“In my Inaugural I laid down the simple proposition that nobody is going to starve in this country. It seems to me to be equally plain that no business which depends for existence on paying less than living wages to its workers has any right to continue in this country. By “business” I mean the whole of commerce as well as the whole of industry; by workers I mean all workers, the white-collar class as well as the men in overalls; and by living wages I mean more than a bare subsistence level-I mean the wages of decent living.”Franklin Roosevelt’s Statement on the National Industrial Recovery Act – June 16, 1933
In FDR’s time, as well as the decades that followed, the nuclear family was very much the foundational unit of American society. While of course there were other types of families, the two-parent /two-child model was catered to in culture and policy. As such, it is incredibly fair to assume that the minimum wage standards of FDR’s time were catered to these four person / one worker households as the standard. According to MIT’s living wage project, in Joey’s area, the traditional nuclear family would require a minimum wage of $29.55 an hour for a 40-hour workweek to provide a minimum living.
According to the same, a similar household in Graham’s area would need $34.02 per hour for the same work schedule as above.
Again, these figures provide enough income for the bare minimum of living: staying alive. They don’t factor in hobbies or recreation, or non-typical levels of need due to mental or physical health, food allergies, or other differences in human existence. FDR’s vision for minimum wage was one of every worker being able to afford more than mere survival.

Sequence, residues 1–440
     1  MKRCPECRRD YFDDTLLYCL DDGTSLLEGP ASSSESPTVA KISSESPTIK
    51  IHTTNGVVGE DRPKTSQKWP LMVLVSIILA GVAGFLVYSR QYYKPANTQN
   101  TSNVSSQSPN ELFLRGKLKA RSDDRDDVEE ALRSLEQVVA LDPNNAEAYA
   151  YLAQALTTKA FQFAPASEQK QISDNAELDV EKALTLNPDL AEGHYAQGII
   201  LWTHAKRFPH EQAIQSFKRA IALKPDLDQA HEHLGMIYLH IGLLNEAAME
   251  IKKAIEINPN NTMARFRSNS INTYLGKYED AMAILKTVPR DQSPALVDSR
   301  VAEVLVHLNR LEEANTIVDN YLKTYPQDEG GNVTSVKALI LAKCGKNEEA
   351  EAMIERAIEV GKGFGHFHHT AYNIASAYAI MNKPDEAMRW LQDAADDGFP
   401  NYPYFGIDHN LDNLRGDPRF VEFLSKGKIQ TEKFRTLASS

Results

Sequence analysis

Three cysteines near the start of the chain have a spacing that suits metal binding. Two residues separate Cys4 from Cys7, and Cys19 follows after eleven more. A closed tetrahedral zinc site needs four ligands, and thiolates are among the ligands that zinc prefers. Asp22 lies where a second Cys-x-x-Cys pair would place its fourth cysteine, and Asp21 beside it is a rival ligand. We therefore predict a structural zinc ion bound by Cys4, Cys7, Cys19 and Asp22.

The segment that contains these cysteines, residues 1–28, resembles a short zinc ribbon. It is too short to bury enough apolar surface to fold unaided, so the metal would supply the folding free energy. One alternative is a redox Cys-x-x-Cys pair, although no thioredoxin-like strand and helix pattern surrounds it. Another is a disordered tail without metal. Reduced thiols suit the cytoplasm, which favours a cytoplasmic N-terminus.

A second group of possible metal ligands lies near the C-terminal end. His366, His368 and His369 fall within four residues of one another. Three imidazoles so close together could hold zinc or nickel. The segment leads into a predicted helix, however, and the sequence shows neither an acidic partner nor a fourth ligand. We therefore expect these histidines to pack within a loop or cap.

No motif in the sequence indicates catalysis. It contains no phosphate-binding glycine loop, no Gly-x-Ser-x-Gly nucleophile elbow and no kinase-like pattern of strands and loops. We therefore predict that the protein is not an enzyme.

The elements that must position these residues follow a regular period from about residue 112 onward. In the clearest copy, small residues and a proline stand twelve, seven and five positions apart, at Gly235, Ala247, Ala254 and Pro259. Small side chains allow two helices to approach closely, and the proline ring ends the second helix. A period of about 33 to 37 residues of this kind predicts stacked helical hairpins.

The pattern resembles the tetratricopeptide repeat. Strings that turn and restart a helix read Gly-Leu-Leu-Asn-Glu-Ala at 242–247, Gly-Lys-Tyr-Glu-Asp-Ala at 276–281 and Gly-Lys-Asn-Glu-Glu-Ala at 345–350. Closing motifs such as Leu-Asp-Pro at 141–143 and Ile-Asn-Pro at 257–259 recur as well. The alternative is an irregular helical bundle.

In other words, wage slavery is alive and well in the United States. FDR wasn’t perfect, of course. Most of FDR’s policies and advocacy were a product of him being forced left by the strength of trade unions and militant communists and socialists in the Depression-era. Without those radicals pushing for revolution, the FDR era would have looked much different.
When talking to Graham, they were able to highlight how mutual aid has helped keep people afloat. They shed an interesting perspective; people of all political persuasions attempted their own forms of mutual aid. Additionally, there was community-building in the face of the pandemic that would ultimately get disrupted by the city of Medford and its police. Graham told me most of the mutual aid projects started after a massive wildfire ravaged the area prior to the pandemic.
“This wildfire spread really fast, burned down like 3,000 homes, and most people never got an alert or a warning. The county actually didn’t activate their own warning system. They had been defunding fire departments and firefighters for the last several years too. What they had been prioritizing was trying to build a bigger jail.”